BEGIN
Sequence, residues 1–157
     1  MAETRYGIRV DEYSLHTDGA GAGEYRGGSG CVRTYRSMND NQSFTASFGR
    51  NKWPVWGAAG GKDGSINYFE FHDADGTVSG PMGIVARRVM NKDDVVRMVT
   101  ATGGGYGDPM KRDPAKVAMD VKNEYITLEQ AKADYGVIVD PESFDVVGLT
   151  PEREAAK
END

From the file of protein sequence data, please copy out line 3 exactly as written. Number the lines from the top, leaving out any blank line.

    51  NKWPVWGAAG GKDGSINYFE FHDADGTVSG PMGIVARRVM NKDDVVRMVT